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Optimizing dairy cow farming efficiency through feed efficiency: improve forage fiber digestibility

Published on: 09/09/2020
Author/s : Andrea Formigoni – DVM, PhD in Animal Reproduction Physiology, professor in animal nutrition and feeding, University of Bologna – Italy, on demand of Phileo by Lesaffre.

More than 85-90% of the forage’s fiber could be degraded in a well working rumen. The forage fiber characteristics represent the key point to improve feed efficiency, considering their effects on diet digestibility, dry matter intake and ruminal fermentation pattern control. The fiber “entity” The original neutral detergent fiber (NDF) determination changed during the time; u...

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September 9, 2020

it is a thought-provoking effort in explaining the role of fiber digestibility ultimately related to milk yield increase. Please keep it up.

Syeedmojtaba Syeedmojtaba
Animal Nutritionist
September 12, 2020
It is a outstanding work.
waqas ahmad waqas ahmad
MSc Hons Livestock Management
September 14, 2020
What about use of exogenous enzymes e.g cellulase and xylanase data showed that supplement of these enzymes increase digestibility of ndf more than 15%
Clementine Marien Clementine Marien
Communication Manager
Phileo by Lesaffre Phileo by Lesaffre
Marcq-en-Baroeul cedex, Nord-Pas-de-Calais, France
September 18, 2020

waqas ahmad Dear sir, thank you for your reply on our article.
Feeding enzymes to ruminants is not a new approach. This approach exists for many decades, but the results so far are very controversial. An efficient approach is to use enzymes to pretreat the forages (hay and silage) before feeding them to the cow. The rationale behind that is that the enzymes degrading fiber need a specific condition and more time to work. Another issue could be the fact that in the rumen the fibrolytic bacteria are a lot of more efficient then exogenous enzymes and there is no time for the enzymes to reach their potential. Also, many bacteria will utilize the enzymes as a protein source. In Phileo, we believe that the right approach is to support the fibrolytic bacteria in order to enhance the fiber digestion by supplementing yeast probiotic for example. Furthermore, this supplementation leads to better rumen health and performance through nutrition: reducing the risk of acidosis, improvement of milk production & reproductive performance, reduction of the risk of ketosis & inflammation…etc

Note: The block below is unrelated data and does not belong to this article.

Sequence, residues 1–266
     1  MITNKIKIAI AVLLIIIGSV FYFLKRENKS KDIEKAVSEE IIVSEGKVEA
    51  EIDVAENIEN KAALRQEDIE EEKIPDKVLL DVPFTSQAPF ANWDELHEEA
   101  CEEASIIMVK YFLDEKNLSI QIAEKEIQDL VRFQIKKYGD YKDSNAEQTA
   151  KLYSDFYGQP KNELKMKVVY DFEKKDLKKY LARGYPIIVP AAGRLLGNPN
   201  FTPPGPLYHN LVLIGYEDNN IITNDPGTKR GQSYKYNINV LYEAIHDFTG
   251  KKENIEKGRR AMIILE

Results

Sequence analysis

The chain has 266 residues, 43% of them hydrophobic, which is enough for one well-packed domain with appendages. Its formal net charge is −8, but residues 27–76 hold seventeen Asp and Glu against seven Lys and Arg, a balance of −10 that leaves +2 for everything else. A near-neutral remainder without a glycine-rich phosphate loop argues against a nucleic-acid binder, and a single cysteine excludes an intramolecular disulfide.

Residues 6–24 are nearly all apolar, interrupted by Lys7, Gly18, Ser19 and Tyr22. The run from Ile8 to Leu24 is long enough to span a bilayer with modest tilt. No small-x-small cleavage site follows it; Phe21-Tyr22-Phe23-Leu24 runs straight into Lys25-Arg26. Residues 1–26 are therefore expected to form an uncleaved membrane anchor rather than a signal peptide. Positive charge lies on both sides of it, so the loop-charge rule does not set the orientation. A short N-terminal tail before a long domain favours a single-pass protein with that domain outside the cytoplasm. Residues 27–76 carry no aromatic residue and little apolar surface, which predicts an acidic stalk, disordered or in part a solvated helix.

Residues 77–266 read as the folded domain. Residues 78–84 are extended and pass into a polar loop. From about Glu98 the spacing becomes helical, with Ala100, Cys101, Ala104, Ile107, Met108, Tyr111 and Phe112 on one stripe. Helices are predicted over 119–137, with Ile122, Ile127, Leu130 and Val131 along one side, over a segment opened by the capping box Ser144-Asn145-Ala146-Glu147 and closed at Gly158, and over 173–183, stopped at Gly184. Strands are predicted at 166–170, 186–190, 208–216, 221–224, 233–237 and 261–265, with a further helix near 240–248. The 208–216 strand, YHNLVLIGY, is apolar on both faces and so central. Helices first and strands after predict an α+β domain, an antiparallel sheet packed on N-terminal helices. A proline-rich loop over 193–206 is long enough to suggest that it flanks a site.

September 19, 2020
Clementine Marien very informative
Ulrika Brandt Ulrika Brandt
Technical Consultant på ADDCON EUROPE GmbH
September 17, 2020

Interesting reading. But I wonder when you say it should be beneficial to lower the total amount of starch to 26-27% of DMI. Do you mean sugar + starch?
I always trying to get the starch under 20%. Unless a large amount of maize silage is used, then an extra 2% is acceptable. I work in Scandinavia where we grow a lot of grassland of course. But I never heard about a dairy farm with that much starch in their feed rations. It would nearly be too much even for fattening bulls. It would be interesting to hear from others how you compose your rations with starch, cp, rup and ndf.

Clementine Marien Clementine Marien
Communication Manager
Phileo by Lesaffre Phileo by Lesaffre
Marcq-en-Baroeul cedex, Nord-Pas-de-Calais, France
September 29, 2020
Ulrika Brandt
Dear Ulrike , thank you for your interest in our article. We discussed with Prof Formigoni and he will be more than happy to discuss the trial with you in more detail.
Kind regards,
September 21, 2020

Dear Ulrika, Feeding Starch is required in formulation but will depend on the conditions or environment as well type of cattle. According to my experience is not the same fattening bulls starch requirements than milking cows with 30-40Lt, as well if in is hot environments where I will arrive at list minimum 22 to 30%as maximum. In a temperate condition where you are using grazing system for fattening bulls, will required to compensate the low energy of the pasture, and in this way push the daily gain, but the requirement for the dairy cows will be high (depending the pasture type and conditions, the grazing system implement as well if in winter or summer).
An example in tropical conditions with cross cattle (Zebu x Holstein or Red Swedish) in fattening bulls and with intensive grazing system without supplementation I will achieve about 700gm daily gain and with supplementation formula I will get about 1kg daily/gain. And the Starch in the total feeding will be about 19%-23% in DM.
Then can see are many factors involved in different conditions and we do not can use the same approach. We need to be more specific to compare experiences.

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